Dr. Voddie Baucham (in his Expository Apologetics 101 sermon) states: “There is a piece to discipleship we’ve neglected. It’s called indoctrination…[Instead] we’re producing passionate people with empty heads who love the Jesus they don’t know very well, and who are driven to and fro by every wind of doctrine.”
Indoctrination has come to be synonymous with brainwashing. That’s not its original meaning however. At its heart it means “to instruct especially in fundamentals” (notice the root word is doctrine).
As I head into my third decade of youth ministry, I’ve come to realize more and more the importance of teaching sound doctrine to teens, and stressing the need for them to obey the teaching of Scripture. At it’s heart, this is what it means to be a disciple (See Matt. 28:18:20 and 2 Tim. 2:2).
On Saturday, Nov. 5, 2016, I led a seminar at Boot Camp North, a youth leader training seminar organized by Jeremy Edgar at Bible Fellowship Assembly. My topic was entitled: “Useful For…The Importance Of The Bible In Discipleship.” Anyone who is interested can download my seminar notes here: useful-for-the-importance-of-the-bible-in-the-process-of-discipleship
I’ve also made available the first three lessons of my teaching series, “Word Up,” which is an apologetics unit designed to teach teens the core doctrine of Scripture (Inspiration, Inerrancy, and Authority), as well as answer common questions or objections to this teaching. You can download the Powerpoint presentations and lesson plans here:
-Lesson 1: word-up-inspiration-lesson
-Lesson 2: word-up-inerrancy-lesson
-Lesson 3: word-up-authority-lesson
The Powerpoint presentations for the above lessons can be found here:
Feel free to share and use for glory of God!
Our children are growing up in a culture of confusion when it comes to the issues of gender and sexuality. Facebook now allows uses to choose between 58 gender options. To date people identify with over 2o sexual orientations, including heterosexual, homosexual, bisexual, asexual, autosexual, demisexual, omnisexual, pansexual, polysexual, spectrasexual, etc. Ontario’s new Health and Physical Education curriculum reflects and promotes this confusion.
As elders at Island Bible Chapel, we understand our role as shepherds (1 Peter 5:2; Acts 20:28). Part of being a shepherd is protecting the flock. We are concerned for the protection of our children’s innocence and about the moral teaching of the young in our church.
To give parents assistance and direction as they care for their children in a world with much gender and sexual confusion, I (with the blessing of the elders at IBC) presented a seminar entitled, “Clarity Amidst Confusion: How Christian Parents Can Respond To Ontario’s New Sex. Ed. Curriculum.”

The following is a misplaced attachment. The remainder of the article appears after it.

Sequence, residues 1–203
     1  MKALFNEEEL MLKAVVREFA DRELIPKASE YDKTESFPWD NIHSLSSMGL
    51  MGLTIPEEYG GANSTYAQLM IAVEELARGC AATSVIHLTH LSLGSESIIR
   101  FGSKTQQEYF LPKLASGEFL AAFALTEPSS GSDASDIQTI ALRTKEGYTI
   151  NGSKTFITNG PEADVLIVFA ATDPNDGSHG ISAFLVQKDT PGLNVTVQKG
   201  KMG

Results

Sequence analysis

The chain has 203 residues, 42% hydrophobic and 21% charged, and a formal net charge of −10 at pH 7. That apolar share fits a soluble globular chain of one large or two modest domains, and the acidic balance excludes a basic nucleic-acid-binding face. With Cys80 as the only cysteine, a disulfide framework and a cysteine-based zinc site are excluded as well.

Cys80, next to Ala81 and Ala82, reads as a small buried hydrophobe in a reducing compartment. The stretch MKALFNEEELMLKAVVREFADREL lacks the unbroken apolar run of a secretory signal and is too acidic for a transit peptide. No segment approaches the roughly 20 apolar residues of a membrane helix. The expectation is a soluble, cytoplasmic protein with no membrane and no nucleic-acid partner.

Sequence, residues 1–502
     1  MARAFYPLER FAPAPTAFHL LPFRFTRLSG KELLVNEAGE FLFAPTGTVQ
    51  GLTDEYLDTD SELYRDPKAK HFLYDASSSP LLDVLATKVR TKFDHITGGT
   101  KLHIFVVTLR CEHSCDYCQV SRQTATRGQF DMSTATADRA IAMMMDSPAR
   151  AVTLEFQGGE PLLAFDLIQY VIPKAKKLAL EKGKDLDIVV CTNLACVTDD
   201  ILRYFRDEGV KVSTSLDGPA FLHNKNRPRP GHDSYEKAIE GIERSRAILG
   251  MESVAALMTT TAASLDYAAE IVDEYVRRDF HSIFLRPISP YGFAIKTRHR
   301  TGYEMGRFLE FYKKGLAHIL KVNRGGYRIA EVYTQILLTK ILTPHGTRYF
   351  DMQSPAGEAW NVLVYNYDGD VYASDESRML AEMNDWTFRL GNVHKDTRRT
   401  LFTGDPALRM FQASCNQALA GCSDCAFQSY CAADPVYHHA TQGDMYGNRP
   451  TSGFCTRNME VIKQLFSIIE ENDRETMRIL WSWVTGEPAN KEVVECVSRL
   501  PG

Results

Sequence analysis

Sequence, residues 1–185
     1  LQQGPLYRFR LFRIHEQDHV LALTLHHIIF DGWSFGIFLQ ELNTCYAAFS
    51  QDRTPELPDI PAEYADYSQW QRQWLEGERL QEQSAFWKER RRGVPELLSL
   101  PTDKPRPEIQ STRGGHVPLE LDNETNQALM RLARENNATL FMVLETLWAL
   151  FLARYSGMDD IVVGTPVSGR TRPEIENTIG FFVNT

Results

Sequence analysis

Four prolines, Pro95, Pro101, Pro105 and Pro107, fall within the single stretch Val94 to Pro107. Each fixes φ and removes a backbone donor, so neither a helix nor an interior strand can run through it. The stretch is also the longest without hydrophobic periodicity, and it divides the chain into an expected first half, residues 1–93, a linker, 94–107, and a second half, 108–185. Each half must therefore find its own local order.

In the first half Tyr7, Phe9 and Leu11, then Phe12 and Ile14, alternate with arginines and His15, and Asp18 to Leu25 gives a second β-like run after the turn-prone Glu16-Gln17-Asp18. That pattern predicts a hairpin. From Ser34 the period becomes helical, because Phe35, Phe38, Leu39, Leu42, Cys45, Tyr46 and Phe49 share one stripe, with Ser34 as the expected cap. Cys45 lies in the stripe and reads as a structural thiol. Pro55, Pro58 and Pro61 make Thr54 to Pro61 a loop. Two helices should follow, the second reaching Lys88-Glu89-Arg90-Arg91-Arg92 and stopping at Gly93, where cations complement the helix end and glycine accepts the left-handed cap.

To download the notes from this seminar, please click here: clarity-amidst-confusion-sex-ed-curriculum-for-parents
I believe it is important to speak the truth in love on this important issue. In order to be seen as “loving” some do not want to confront issues with the truth. In order to cling to the “truth” some communicate in a loving way. My goal has been to avoid both extremes and speak the truth in love.
Finally, I will end with a quote from Rick Warren, which I believes captures both our culture and the way I want my response to be: compassionate with conviction.
“Our culture has accepted two huge lies. The first is that if you disagree with someone’s lifestyle, you must fear or hate them. The second is that to love someone means you agree with everything they believe or do. Both are nonsense. You don’t have to compromise convictions to be compassionate.”
It was a privilege to speak recently to teens at Camp Aush-Bik-Koong (campabk.com). This year I chose to preach on Heb. 11, the classic passage in Scripture about faith. In the evenings we studied the chapter bit-by-bit. In the morning sessions I looked at the archaeological evidence for some of the major people of faith mentioned.
If you’ve read my blog in the past, you know that I have an affection for the field of biblical archaeology, and do some writing for the folks at biblearchaeology.org (the Associates for Biblical Research – a group of bible scholars and archaeologists dedicated to demonstrating the historical reliability of God’s Word through their work). Their research was very helpful as I prepared to speak to the teens at Camp ABK. Several of the archaeologists at ABR were gracious enough to take time out of their busy schedules to share a word or two with the teens at Camp ABK. Read the rest of this entry
I’m always interested to hear how people describe the Bible.